- You may have to stay in the hospital during the treatment. Special safety precautions are taken to protect others from exposure to radiation.
Interstitial radiation therapy @(Model.HeadingTag)>
Radioactive materials can also be placed directly into, or very close to, the tumour. This is called interstitial radiation therapy.
Interstitial implants may be used to treat some women with cervical cancer. Thin needles containing a radioactive substance are inserted directly into the tumour and surrounding tissue.
Women are more likely to have interstitial radiation therapy if they have a uterus that makes it difficult for doctors to place an intracavitary implant, such as a scarred or irregularly shaped uterus. Women whose cancer has spread to tissue around the cervix and uterus or to the side walls of the pelvis are also more likely to have interstitial radiation therapy.
Find out more about internal radiation therapy.
Cisplatin is the most common chemotherapy drug used in chemoradiation for cervical cancer. Cisplatin and 5-fluorouracil (Adrucil, 5-FU) may also be used. It is given with external radiation therapy. The chemotherapy acts as a radiosensitizer, which means it allows the radiation to work better. Cisplatin is usually given once a week during radiation therapy. Cisplatin and 5-FU is usually given every 4 weeks during radiation therapy.
Side effects @(Model.HeadingTag)>
Side effects can happen with any type of treatment for cervical cancer, but everyone’s experience is different. Some people have many side effects. Other people have few or none at all.
During radiation therapy, the healthcare team protects healthy cells in the treatment area as much as possible. But damage to healthy cells can happen and may cause side effects. If you develop side effects, they can happen any time during, immediately after or a few days or weeks after radiation therapy. Sometimes late side effects develop months or years after radiation therapy. Most side effects go away on their own or can be treated, but some side effects may last a long time or become permanent.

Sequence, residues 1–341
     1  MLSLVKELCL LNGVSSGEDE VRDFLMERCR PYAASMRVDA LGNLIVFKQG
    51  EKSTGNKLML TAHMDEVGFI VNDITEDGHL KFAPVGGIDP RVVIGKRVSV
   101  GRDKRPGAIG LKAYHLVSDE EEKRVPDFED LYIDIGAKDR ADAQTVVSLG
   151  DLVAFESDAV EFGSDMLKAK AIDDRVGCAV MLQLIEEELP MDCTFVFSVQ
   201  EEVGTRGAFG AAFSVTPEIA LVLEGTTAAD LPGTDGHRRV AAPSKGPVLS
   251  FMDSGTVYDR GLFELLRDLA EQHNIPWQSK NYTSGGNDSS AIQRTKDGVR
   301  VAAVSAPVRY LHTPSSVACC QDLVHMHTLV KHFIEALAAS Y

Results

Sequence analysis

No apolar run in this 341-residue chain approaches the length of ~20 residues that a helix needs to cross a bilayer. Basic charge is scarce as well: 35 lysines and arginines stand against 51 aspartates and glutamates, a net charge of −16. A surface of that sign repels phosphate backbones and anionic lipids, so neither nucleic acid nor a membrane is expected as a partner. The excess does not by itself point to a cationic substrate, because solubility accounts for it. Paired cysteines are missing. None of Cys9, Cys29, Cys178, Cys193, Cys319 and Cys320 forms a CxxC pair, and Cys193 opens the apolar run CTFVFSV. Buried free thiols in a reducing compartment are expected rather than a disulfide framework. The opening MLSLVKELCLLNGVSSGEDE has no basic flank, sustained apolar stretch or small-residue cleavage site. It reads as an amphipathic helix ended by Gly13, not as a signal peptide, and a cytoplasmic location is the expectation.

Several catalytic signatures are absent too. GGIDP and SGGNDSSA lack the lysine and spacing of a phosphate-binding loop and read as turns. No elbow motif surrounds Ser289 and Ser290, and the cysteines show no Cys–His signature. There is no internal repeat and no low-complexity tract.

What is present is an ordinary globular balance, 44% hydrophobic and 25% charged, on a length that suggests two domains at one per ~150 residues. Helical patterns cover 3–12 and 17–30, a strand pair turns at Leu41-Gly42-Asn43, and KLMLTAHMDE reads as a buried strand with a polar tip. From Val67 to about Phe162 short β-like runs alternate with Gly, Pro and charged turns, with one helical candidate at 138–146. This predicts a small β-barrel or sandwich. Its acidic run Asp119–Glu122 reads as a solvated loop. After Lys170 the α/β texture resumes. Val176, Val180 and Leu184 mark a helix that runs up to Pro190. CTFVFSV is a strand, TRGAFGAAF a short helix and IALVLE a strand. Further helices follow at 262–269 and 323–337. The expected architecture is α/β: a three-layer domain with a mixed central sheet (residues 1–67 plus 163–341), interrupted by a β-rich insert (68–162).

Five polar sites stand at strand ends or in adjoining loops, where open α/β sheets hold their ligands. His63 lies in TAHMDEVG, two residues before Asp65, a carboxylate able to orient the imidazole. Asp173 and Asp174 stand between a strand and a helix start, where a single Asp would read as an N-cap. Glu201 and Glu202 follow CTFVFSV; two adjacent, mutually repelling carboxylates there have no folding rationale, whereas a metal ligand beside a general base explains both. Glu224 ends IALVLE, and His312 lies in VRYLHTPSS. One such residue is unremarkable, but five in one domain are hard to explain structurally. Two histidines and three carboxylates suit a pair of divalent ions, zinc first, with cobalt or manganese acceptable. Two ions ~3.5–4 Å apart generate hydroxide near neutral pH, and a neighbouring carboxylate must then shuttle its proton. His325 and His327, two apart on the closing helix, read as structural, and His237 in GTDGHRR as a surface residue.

Side effects of radiation therapy will depend mainly on the size of the area being treated, the specific area being treated, the total dose of radiation, if chemotherapy is given at the same time (chemoradiation) and the treatment schedule. Side effects of chemoradiation can be more severe than those of radiation therapy alone.
Some common side effects of radiation therapy used for cervical cancer are:
- skin problems including irritation of the vagina and vulva
- nausea and vomiting
- bladder problems including bladder discomfort and the urge to urinate often
- low blood cell counts
- sexual problems
Tell your healthcare team if you have these side effects or others you think might be from radiation therapy. The sooner you tell them of any problems, the sooner they can suggest ways to help you deal with them.
Questions to ask about radiation therapy @(Model.HeadingTag)>
Find out more about radiation therapy and side effects of radiation therapy. To make the decisions that are right for you, ask your healthcare team questions about radiation therapy.
Expert review and references
American Cancer Society. Cervical Cancer. 2016: https://www.cancer.org/cancer/cervical-cancer/treating.html.
Klopp AH, Eifel PJ, Berek JS, Konstantinopoulos PA . Cancer of the cervix, vagina and vulva. DeVita VT Jr, Lawrence TS, Rosenberg SA. Cancer: Principles and Practice of Oncology. 10th ed. Philadelphia: Wolters Kluwer Health/Lippincott Williams & Wilkins; 2015: 72:1013-1047.
Kunos CA, Abdul-Karim FW, Dizon DS, Debernardo R . Cervix uteri. Chi DS, Dizon DS, Berchuck A, and Yashar C (eds.). Principles and Practice of Gynecologic Oncology. 7th ed. Philadelphia: 2017: 20: 467 - 510.
Levine DA, Dizon DS, Yashar CM, Barakat RR, Berchuch A, Markman M, Randall ME. Handbook for Principles and Practice of Gynecologic Oncology. 2nd ed. Philadelphia, PA: Wolters Kluwer; 2015.
National Cancer Institute. Cervical Cancer Treatment (PDQ®) Health Professional Version. 2018: http://www.cancer.gov/.
Oleszewski K . Cervical cancer. Yarbro CH, Wujcki D, Holmes Gobel B, (eds.). Cancer Nursing: Principles and Practice. 8th ed. Burlington, MA: Jones and Bartlett Learning; 2018: 50: 1397 - 1421.